The two New York Times reporters who broke the story of Harvey Weinstein’s decades of alleged abuse toward women are the 2018 recipients of the McGill Medal for Journalistic Courage.
New York Times investigative reporters, Jodi Kantor and Megan Twohey, will receive the medal from the University of Georgia Grady College of Journalism and Mass Communication and its McGill Program for Journalistic Courage. The award ceremony will take place on April 10 at 4:30 p.m. in the Peyton Anderson Forum and Kantor will accept the award on behalf of both reporters. The public is invited to attend.
Nominations for the medal came from journalists and journalism educators from across the country. Charles Davis, dean of Grady College, nominated the reporting duo.
“The work of Ms. Kantor and Ms. Twohey in illuminating the prevalence of sexual assault and harassment in Hollywood continues to reverberate across America, underscoring the urgent need to protect and defend women everywhere,” Davis said. “The courage and determination of these two reporters, who faced sourcing difficulties, legal threats, and countless other roadblocks, changed forever the way in which society confronts these incredibly important issues. Their work embodies the McGill Awards, and its commitment to recognizing courageous, transformative journalism.”
In 2017, Kantor and Twohey reported Weinstein’s alleged abuse and helped evolve the worldwide #MeToo and #TimesUp movements. Their reporting engaged the country in a national conversation that held men accountable and attacked complicity among not only those in the entertainment industry, but in all corners of professional practice.
In addition to her work at The New York Times, Jodi Kantor is also a best-selling author and a contributor to “CBS This Morning.” Kantor specializes in long-form, deeply reported stories.
Before the Harvey Weinstein story, Kantor’s investigations into work conditions at Starbucks and Amazon prompted national debates and policy changes at both companies. Kantor’s report on working mothers and breast-feeding inspired two readers to create the first free-standing lactation suites for nursing mothers, now available in airports and stadiums across the country. In 2016, Kantor reported on “Refugees Welcome” along with Catrin Einhorn.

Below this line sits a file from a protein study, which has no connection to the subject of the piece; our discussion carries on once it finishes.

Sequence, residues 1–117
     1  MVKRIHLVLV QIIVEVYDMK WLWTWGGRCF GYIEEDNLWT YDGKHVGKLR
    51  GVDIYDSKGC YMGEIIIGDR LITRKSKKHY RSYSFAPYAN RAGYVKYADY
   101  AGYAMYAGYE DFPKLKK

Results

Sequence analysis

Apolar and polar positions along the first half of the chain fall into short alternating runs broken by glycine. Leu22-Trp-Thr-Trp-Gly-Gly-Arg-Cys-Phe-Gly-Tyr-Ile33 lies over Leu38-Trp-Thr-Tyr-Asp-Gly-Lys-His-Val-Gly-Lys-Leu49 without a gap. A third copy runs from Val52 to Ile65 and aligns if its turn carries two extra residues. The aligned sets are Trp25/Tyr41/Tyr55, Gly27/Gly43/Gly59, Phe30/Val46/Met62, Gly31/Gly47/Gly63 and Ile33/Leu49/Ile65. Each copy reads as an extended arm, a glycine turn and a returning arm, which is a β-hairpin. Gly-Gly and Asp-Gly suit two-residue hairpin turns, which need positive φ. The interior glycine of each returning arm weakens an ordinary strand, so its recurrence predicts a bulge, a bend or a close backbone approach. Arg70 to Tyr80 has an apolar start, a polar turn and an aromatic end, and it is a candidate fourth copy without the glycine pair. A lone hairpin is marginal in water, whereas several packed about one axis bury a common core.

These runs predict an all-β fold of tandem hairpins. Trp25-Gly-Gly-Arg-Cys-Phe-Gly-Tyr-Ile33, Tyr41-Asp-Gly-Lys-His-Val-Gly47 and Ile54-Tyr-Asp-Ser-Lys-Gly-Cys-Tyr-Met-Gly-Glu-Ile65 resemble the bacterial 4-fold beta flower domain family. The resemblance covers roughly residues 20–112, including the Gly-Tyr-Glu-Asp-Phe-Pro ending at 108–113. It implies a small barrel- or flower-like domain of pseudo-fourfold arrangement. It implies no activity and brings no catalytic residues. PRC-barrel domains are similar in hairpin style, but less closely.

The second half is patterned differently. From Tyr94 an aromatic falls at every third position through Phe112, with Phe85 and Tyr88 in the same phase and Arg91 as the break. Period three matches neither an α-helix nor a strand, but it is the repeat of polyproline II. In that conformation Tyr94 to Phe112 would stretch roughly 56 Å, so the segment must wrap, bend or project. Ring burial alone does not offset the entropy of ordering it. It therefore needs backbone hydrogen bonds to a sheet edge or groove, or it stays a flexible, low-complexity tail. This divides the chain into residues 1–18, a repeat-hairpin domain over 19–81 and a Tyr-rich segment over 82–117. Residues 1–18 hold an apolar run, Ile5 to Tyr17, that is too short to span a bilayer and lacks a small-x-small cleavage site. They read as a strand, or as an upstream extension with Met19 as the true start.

For six years, Kantor wrote about Barack and Michelle Obama, as well as the 2008 and 2012 presidential campaigns.
Kantor, who is based in Brooklyn, has also won the George Polk award as well as honors from PEN America, the Canadian Journalism Foundation, Columbia College, the Los Angeles Press Club and the Association for Education in Journalism.
Much of Twohey’s work has focused on the treatment of women and children.
Twohey uncovered an underground network where parents gave away adopted children they no longer wanted to strangers met on the Internet. “The Child Exchange” series was a finalist for the 2014 Pulitzer Prize for Investigative Reporting and won the Edgar A. Poe Award of the White House Correspondents Association, among other prizes. Twohey’s series prompted states to pass new laws to protect children. Two of the main subjects were sent to prison and Twohey testified before a U.S. Senate committee.
While reporting in Chicago, Twohey exposed how police and prosecutors were shelving DNA evidence collected after sex crimes, robbing victims of the chance for justice. In response to her stories, Illinois passed the first state law mandating the testing of every rape kit. Twohey’s other investigations brought about separate legal protections—for victims of stalking, domestic violence and sex-abusing doctors.
The McGill medal is named for Ralph McGill, the late editor and publisher of the Atlanta Constitution. McGill was regarded by many as “the conscience of the South” for his editorials challenging racial segregation in the 1950s and 1960s.
The selection of Kantor and Twohey was made by the 2017 class of McGill Fellows, 12 undergraduate and graduate students chosen for academic achievement, practical experience and leadership.
The McGill Medal, now in its tenth year, is part of the McGill Program for Journalistic Courage at UGA’s Grady College.
For nearly 40 years, the McGill lecture has brought significant figures in journalism to UGA to help the university honor McGill’s courage as an editor. In 2007, UGA added the McGill Symposium, bringing together students, faculty and leading journalists to consider what journalistic courage means and how reporters and editors exemplify it.
“All of this is for a single purpose: to advance journalistic courage,” said Diane H. Murray, director of alumni relations and outreach, and director of the McGill program at Grady College.
March 6, 2018 Author:
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